The Thought Occurs

The Thought Occurs

Monday, 15 August 2016

How To Tell If Your Metaphor Is Dead

Dead metaphors can no longer be unpacked; they no longer embody semantic junction.

Halliday & Matthiessen (1999: 261):
Contrast this now with failure in a technical expression such as heart failure; in origin this was no doubt a grammatical metaphor for the heart fails, but the metaphorical quality has since been lost, or at least significantly weakened (the metaphor is "dead"), and heart failure is now the only congruent form. Likewise contrast he regretted his failure to act, agnate to that he had failed to act (or that he had not acted), where failure is a grammatical metaphor, with he always felt that he was a failure, where failure is now the congruent form and this is not a metaphorical agnate of he always felt that he had failed.
​Halliday & Matthiessen (1999: 283):​
In our interpretation, the text as it stands, with the grammatical metaphor left in, embodies semantic junction: it is not just a variant form, identical in meaning with its congruent agnate — it also incorporates semantic features from the categories that its own form would congruently construe. Thus engine failure is not synonymous with engines fail; it is both a figure consisting of participant ('engine’) and process ('fail') and an element (participant) consisting of thing ('failure') + classifier ('engine'). In other words, we need both analyses in order to represent it adequately.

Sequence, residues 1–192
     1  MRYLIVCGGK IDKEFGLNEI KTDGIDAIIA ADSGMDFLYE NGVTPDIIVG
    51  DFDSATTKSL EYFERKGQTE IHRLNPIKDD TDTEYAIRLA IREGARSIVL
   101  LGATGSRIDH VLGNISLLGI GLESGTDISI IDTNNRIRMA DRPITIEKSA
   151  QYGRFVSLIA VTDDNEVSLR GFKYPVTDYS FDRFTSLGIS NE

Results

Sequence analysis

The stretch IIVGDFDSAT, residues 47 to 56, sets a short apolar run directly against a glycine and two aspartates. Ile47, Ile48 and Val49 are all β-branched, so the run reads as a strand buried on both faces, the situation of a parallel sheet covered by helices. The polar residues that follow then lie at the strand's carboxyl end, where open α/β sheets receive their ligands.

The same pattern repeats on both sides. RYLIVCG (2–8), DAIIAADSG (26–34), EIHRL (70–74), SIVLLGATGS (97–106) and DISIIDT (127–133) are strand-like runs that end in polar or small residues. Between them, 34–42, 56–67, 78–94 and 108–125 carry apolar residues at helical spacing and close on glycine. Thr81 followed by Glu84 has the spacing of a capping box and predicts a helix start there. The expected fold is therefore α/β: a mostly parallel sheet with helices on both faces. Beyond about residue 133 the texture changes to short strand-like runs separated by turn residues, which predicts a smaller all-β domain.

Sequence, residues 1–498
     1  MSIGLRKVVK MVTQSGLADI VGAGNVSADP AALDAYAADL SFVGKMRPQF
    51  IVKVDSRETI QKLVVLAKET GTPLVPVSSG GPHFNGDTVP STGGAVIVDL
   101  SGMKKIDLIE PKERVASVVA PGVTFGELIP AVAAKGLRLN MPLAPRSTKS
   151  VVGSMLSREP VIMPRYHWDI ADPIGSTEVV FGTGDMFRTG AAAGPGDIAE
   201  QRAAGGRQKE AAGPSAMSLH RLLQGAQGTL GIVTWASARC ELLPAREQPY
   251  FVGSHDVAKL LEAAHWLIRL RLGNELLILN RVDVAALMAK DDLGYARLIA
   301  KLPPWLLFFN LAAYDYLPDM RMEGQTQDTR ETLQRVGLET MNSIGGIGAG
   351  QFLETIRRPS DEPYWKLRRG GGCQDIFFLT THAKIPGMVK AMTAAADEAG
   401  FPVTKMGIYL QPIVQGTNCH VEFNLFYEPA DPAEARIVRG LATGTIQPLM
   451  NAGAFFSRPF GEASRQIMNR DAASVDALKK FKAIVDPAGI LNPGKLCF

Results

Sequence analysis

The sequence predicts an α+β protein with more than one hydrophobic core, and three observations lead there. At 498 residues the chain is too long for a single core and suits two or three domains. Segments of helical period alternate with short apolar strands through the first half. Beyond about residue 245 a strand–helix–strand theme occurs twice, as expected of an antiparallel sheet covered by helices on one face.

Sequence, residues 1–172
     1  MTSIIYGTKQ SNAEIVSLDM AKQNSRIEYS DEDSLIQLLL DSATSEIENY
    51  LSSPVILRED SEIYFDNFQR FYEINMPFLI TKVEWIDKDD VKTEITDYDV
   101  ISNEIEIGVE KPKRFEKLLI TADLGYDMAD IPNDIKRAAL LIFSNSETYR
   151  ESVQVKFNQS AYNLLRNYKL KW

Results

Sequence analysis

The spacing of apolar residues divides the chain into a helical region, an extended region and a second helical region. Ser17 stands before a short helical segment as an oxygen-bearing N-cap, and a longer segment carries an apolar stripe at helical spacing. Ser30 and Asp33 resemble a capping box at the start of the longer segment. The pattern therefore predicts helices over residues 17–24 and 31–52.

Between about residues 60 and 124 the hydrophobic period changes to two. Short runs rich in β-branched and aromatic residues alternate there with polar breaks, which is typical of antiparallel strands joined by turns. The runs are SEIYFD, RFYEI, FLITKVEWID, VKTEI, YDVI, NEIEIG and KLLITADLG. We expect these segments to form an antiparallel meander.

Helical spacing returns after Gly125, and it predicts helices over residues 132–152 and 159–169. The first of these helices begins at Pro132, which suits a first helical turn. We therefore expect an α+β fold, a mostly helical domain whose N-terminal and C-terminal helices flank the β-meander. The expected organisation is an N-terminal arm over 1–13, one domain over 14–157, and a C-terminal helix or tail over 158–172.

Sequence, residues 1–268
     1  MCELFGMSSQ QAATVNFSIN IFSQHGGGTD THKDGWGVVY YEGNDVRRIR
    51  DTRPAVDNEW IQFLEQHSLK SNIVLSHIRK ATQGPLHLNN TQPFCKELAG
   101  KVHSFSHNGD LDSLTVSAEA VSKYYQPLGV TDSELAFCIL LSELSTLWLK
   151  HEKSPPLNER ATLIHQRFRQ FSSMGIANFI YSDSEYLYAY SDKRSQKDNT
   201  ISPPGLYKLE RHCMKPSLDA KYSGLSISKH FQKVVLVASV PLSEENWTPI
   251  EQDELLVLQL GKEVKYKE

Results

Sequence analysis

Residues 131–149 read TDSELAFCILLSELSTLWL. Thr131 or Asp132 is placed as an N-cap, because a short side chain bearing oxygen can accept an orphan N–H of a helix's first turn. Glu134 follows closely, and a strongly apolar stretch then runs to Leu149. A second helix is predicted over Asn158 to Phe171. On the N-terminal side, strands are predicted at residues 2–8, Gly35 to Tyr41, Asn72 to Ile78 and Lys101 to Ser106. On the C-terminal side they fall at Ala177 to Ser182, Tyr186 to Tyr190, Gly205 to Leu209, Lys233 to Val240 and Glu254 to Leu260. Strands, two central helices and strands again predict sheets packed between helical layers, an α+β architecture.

This will always be true whenever the metaphor can be unpacked to yield a plausible more congruent form. And this is what distinguishes a grammatical metaphor from a technical term. Almost all technical terms start out as grammatical metaphors; but they are grammatical metaphors which can no longer be unpacked. When a wording becomes technicalised, a new meaning has been construed — almost always, in our present-day construction of knowledge, a new thing (participating entity); and the junction with any more congruent agnates is (more or less quickly) dissolved. If for example we said that engine failure had now become a technical term, what would we mean by this? We would mean that the semantic bond with a figure an/the engine fails had been ruptured (it could no longer be 'unpacked'); and that a new meaning, an abstract participating entity or thing 'engine failure' had come into being which had the full semantic freedom — to participate in figures, to admit of classes and properties, and the like.

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